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Title: New document-context term weights and clustering for information retrieval
Authors: Dang, Kai-fung Edward
Degree: Ph.D.
Issue Date: 2010
Abstract: In this thesis we investigate new methods to deal with the polysemy and word mismatch problems in information retrieval (IR). We tackle polysemy by using 'document-contexts', which are text windows centred on query terms in a document. Analysis of the words in the vicinity of a query term can identify its specific meaning in the context. In IR, many of the commonly used term weights are variants of the TF-IDF form. The tradition TF-IDF weight of a term depends only on the occurrence statistics of the term itself. We have studied a novel 'context-dependent' term weight, which incorporates information based on the words found in the document-contexts of a term. These term weights are generated by a Boost and Discount (B&D) procedure, which utilizes any relevance information that is available to estimate the probability of relevance of a context. Such relevance information may come from actual relevance judgments that a user makes on a (small) number of documents, as in 'relevance feedback' (RF). The theoretical justification of our scheme to calculate the new term weights is provided by a probabilistic non-relevance decision model of IR. We present experiments in the RF setting to test the context-dependent term weights. We demonstrate that using the new term weights can yield statistically significant improvement in retrieval compared with the traditional weights. Regarding the word mismatch problem, one plausible solution is to use clustering techniques. A traditional clustering evaluation measure used in IR is the MK1, which is a score calculated for the single 'optimal cluster' that can be extracted from the clus-tering result. MK1 is appropriate if a single retrieved cluster is desired. However, in some applications it may be desirable for the retrieval results to be presented in multiple clusters according to sub-topics. For this case, we introduce a new evaluation measure, called CS, which corresponds to finding an optimal combination of clusters. We define a sub-class of CS, called CS1, applicable when the clusters are disjoint. By reformulating the optimization to a 0-1 linear fractional programming problem, we demonstrate that an exact solution of CS1 can be obtained by a linear time algorithm. We discuss how our approach can be generalized to overlapping clusters, and present greedy algorithms to obtain optimal estimates. We claim that one particular 'cost effectiveness' algorithm yields the global optimal solution for clusters that overlap only by nesting. A mathematical proof of this claim by induction is presented. We have also investigated whether clustering techniques can further improve the retrieval effectiveness in relevance feedback using context-dependent term weights. B&D utilizes information extracted from the judged documents to provide evidence of relevance or non-relevance in the unseen documents. We use clustering to seek contexts from unseen documents that are similar to those in the judged documents. In this way, additional relevance information can be obtained for B&D. Experiments on the TREC-2005 collection show that a 'clustered SVM' scheme is effective in further improving relevance feedback effectiveness as compared to standard B&D, yielding small but statistically significant improvements in MAP. Thus, this is a promising direction for further research.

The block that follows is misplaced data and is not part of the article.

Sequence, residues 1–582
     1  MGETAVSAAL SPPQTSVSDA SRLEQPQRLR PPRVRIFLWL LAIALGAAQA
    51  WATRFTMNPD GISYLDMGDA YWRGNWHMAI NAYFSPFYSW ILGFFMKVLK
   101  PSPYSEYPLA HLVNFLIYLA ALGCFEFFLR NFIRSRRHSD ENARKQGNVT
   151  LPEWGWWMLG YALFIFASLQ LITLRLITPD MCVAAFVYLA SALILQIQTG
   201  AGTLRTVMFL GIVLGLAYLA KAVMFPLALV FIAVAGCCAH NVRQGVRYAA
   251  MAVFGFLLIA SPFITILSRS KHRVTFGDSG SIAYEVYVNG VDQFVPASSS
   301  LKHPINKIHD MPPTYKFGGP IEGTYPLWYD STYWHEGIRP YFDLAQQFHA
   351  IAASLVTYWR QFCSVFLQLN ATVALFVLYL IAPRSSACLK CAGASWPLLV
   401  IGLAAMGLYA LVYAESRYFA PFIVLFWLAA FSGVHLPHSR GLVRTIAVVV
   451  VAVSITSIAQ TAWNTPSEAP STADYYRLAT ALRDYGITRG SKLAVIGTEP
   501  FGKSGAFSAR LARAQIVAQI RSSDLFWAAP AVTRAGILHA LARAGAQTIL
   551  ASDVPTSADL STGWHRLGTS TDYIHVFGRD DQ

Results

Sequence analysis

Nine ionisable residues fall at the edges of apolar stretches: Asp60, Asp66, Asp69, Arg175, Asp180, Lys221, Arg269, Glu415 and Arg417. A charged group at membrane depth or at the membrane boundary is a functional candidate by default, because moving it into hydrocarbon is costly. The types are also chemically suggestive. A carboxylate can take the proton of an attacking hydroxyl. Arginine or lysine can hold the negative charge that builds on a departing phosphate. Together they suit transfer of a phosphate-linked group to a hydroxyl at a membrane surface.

Subjects: Hong Kong Polytechnic University -- Dissertations
Information retrieval
Pages: xiii, 160 p. : ill. ; 30 cm.
Appears in Collections:Thesis

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